• Ben Keightley

Things to Come (2016) - Mia Hansen-Løve

Nathalie is a passionate and dedicated middle-aged philosophy professor. Her life, and her future, appear, initially stable. She is married, has two fully grown children, is negotiating the republication of her academic papers and a devoted and inspiring young student about to embark of his life as a philosopher. But, Nathalie is about to face a series of challenges that make her rethink her future and want defines her as a middle-aged women.

Firstly, she discovers that her husband is having an affair with a younger woman, and admittedly amicably, he moves out and divorce proceeding begin. Her aging mother is nearing death. Suffering from physical and mental breakdown she is a stark and depressing reminder of the loneliness and loss of faculties that face Nathalie. She is also soon to become a grandmother. Finally, her publishers are reconsidering modernising her academic publications, much to her dissatisfaction.

Against the backdrop of these events and the unfolding of this mesmerising and perfectly pitched film, Mia Hansen-Løve, who wrote and directed the film, explores the redefinition of women as they approach and enter their middle age. A beautifully delicate scene between Nathalie and her protege Fabien (Roman Kolinka) has her discussing being single in light of her husband's adultery and the impending divorce. Fabien suggests she too take a younger lover. Nathalie dismisses the suggestion immediately. This is just one magnificently subtle exploration of the difference men and women face as they enter middle age and the internal conflict Nathalie faces as she looks to future and re-examines who she is and how to define herself. Women have, the film appears to suggest, less control and freedom over how they define themselves as they move through life stages. It's telling that the only sexual or potentially romantic moment in the film for her involves a lecherous man attempting to be intimate with her in a cinema, then following her home afterwards before forcing himself on her. Nathalie shrugs him away as if he we an annoying fly, more annoyed that he ruined the end of the film for her, than shocked at his inappropriate sexual advances.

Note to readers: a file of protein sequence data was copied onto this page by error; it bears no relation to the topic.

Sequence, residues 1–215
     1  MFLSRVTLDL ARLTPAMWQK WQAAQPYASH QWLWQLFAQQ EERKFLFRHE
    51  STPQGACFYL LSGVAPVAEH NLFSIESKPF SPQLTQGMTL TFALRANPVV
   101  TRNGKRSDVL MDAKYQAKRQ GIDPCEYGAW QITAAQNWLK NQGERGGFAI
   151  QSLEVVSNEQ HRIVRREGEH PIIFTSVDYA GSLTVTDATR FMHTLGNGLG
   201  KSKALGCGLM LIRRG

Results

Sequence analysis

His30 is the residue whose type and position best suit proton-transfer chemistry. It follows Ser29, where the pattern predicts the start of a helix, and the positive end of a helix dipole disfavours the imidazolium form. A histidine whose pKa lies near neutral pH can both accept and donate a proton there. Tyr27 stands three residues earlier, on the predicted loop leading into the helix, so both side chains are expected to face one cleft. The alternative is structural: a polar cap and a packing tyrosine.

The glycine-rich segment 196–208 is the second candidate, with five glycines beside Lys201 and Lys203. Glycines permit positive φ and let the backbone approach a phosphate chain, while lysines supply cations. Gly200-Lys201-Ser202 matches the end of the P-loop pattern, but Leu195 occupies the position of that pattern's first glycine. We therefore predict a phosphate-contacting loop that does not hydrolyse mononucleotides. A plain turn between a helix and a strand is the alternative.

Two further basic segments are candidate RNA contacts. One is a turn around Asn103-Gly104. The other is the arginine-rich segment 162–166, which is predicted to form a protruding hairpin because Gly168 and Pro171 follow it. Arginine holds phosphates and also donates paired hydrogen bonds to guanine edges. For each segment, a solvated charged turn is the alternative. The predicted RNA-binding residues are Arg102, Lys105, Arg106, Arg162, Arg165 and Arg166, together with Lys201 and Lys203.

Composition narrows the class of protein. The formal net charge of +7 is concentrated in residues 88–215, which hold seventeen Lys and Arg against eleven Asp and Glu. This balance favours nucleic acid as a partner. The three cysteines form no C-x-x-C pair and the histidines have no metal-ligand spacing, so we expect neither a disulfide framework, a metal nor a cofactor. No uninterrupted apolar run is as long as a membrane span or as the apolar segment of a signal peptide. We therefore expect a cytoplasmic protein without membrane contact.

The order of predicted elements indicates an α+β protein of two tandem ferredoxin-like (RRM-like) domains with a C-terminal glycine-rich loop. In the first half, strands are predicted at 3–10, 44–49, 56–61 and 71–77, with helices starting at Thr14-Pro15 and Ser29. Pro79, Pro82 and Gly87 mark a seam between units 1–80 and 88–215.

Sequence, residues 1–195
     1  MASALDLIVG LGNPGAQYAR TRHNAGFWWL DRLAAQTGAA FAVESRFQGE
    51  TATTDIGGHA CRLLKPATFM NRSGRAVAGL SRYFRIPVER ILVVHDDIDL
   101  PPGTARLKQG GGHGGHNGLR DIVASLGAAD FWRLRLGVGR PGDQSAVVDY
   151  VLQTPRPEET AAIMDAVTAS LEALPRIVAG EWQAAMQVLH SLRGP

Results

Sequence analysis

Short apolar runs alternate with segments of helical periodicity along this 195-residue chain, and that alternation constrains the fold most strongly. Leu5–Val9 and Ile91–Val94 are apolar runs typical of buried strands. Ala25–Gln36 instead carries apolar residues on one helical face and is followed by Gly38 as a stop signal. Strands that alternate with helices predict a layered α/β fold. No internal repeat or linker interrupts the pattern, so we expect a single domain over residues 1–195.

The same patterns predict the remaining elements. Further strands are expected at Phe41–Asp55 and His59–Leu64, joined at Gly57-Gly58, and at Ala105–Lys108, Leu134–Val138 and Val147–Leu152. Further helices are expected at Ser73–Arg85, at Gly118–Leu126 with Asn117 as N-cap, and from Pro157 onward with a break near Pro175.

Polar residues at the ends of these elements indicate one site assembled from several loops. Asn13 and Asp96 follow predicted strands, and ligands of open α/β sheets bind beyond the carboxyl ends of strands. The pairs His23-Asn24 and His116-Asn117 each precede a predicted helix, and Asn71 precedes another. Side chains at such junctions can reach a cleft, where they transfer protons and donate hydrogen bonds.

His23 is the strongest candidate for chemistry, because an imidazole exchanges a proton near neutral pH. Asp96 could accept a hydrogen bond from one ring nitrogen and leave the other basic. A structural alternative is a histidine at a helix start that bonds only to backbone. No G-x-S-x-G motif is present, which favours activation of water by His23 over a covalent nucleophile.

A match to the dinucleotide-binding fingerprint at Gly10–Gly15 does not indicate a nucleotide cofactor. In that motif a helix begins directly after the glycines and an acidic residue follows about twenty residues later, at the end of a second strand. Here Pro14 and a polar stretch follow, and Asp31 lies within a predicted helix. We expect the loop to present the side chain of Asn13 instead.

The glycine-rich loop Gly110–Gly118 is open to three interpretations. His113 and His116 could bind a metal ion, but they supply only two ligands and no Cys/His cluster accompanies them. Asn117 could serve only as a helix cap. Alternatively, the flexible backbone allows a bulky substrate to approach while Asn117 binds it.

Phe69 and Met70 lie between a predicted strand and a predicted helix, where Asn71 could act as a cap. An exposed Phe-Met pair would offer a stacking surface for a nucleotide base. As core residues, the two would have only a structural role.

As part of the divorce and separation it slowly dawns on Nathalie that her life is going to be unexpectedly upturned. She breaks down at the realisation that the holiday home the family have so many shared experiences in is now forever out of reach. She seeks refuge with Fabien and his youthful, revolutionary friends at a cabin in the mountains. But finds herself out of step and out of touch with their young, idealistic thinking. As a teacher she has shed the youthful exuberance for revolutionary thought and ways of life, instead seeing her role to inspire the young to think for themselves.

As her future looks increasingly unclear one potential, yet depressing, option comes starkly into view. Her mother, aging and suffering the effects of mental and physical breakdown brings further stress into her life. Her mother has become a burden. She lives alone and constantly calls on the fire brigade and her daughter whenever she has a panic and becomes flustered. She fantasizes about her acting career rekindling but the only offer on the table is as a corpse. A morbid reminder of an inevitability too close for comfort.

The film is directed with grace, delicacy and subtly by Mia Hansen-Løve and cut brilliantly by Marion Monnier, who effortless brings the emotional highs and lows of Nathalie to life through deft editing. Nathalie is played with the customary confidence of Isabelle Huppert. She is captivating, by turns heartbreaking and playful. She brings a fragile confidence to the performance which tells us so much about the character. In doing so her performance, and Hansen-Løve's direction, undercut the despair. Despite all of the struggle and turmoil this character faces, when the film ends you are left with the sneaking suspicion that she will make peace and find a path on her own terms. In this way, the film manages to be uplifting and deliver a positive feeling for this woman, and possibly, women in general.

The real brilliance here, aside from the always brilliant Huppert, lies with Hansen-Løve's writing and directing. It would be easy to dismiss this film as light or simple. But hidden beneath the simplicity of form and style the film is a deeply complex study of a character trying to define, and control, her future and her place in the world.

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